Position of rear of train in relation to signal
Position of rear of train in relation to signal
Potential collision between passenger trains, Wellington Railway Station, 15 May 2017
Occurrence Date
Report Publication Date
At about 1810 on 15 May 2017, a loaded metropolitan passenger train departed Wellington Station bound for Waikanae. The driver thought there was an issue with the train brakes, so stopped the train within the approaches to Wellington Station. After a discussion with maintenance staff, it was decided to return the train to Wellington Station.

The train was under the control of a signal box operator (signaller). The signaller referred to the mimic screen and noted that it was showing the train occupying a single section of track between Signals 37 and 39. However, the rear of the train had not quite passed Signal 39. It had cleared an insulated joint in the rail that marked the end of one section and the start of the next on the signaller’s mimic screen, but the insulated joint was eight metres away from the actual signal. The rear of the train had come to rest between the insulated joint and the actual signal.

The signaller planned to use Signal 39 to hold the train until another inbound train was clear. However, when the driver changed driving ends, Signal 39 was just behind the driving cab. When the signaller authorised the driver to proceed back to Signal 39, the driver moved the train forward in search of the signal, towards the same set of crossover points as the other inbound train.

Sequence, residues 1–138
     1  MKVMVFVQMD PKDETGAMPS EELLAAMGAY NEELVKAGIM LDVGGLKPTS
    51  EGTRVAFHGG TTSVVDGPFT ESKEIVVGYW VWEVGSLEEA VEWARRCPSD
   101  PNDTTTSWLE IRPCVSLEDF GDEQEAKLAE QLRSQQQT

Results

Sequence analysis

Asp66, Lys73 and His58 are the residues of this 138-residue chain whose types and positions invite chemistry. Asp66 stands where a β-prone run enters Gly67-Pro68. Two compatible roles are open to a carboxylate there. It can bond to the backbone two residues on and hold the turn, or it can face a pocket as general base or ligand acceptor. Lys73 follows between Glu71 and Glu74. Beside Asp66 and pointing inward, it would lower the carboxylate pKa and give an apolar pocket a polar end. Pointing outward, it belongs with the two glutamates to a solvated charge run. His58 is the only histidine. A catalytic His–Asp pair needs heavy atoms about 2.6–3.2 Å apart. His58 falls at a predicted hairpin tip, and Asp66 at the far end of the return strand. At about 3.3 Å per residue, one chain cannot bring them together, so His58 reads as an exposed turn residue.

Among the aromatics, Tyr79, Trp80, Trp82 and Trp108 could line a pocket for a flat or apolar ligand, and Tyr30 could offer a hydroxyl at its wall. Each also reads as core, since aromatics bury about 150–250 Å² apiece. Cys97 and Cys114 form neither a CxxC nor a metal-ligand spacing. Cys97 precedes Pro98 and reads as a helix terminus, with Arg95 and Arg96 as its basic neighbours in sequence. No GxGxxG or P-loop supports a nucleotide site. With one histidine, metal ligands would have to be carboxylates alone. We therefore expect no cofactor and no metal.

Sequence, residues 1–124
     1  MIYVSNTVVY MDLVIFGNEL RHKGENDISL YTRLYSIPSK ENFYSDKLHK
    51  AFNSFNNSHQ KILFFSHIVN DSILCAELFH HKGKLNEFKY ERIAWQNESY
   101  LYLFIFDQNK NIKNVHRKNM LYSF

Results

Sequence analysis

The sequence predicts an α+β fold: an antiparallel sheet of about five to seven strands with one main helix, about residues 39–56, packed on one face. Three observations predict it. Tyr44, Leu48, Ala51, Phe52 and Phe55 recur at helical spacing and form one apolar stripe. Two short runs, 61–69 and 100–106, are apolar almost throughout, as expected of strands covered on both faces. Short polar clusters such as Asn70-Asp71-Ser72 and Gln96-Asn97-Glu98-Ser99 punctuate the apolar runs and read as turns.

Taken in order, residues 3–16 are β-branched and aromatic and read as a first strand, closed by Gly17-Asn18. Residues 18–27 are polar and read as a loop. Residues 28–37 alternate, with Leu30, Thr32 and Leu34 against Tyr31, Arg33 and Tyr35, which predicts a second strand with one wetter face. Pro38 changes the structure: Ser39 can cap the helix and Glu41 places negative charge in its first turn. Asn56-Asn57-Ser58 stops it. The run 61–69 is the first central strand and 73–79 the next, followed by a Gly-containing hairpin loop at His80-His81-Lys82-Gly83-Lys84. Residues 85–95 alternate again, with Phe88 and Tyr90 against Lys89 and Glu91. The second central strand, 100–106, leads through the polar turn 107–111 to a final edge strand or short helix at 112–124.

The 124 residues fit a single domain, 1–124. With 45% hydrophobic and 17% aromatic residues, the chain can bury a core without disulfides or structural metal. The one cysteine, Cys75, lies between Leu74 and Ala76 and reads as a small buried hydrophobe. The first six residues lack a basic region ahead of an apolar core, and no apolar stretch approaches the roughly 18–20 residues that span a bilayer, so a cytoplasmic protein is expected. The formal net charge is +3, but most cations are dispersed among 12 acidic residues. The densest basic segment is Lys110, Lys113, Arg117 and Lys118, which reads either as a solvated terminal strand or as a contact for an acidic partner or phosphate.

No sooner had the train begun moving than it crossed back over the insulated joint in the rail. The signaller saw on the mimic screen that the train had passed Signal 39 and was heading towards the inbound train. The signaller called the driver to stop the train. The train stopped about 120 metres past the red signal. There was no collision and nobody was injured.

The Transport Accident Investigation Commission (Commission) found that the situation was created because the signalling system was giving information to the signaller that did not match what was happening in the field. The eight-metre separation between the signal and the insulated joint had not been identified as an issue when the lines in the area were modified and upgraded in 2010.

The Commission identified two safety issues that had been identified in a previous inquiry:
- there is a heightened risk of trains colliding within the approaches to Wellington Station because limited space makes the track layout congested
- a number of reasonable measures had not been taken to further reduce the risk of trains colliding in the approaches to Wellington Station.

The issues were also relevant to this inquiry. As recommendations had already been made to address the safety issues, no new recommendations have been made.

The key safety lesson arising from this accident is that trains should not be unnecessarily authorised to proceed up to red signals in congested areas, because the reduced safety margins in these areas increase the risk of a collision if a signal is passed at danger.
Wellington (-41.273111,174.784128) [may be approximate]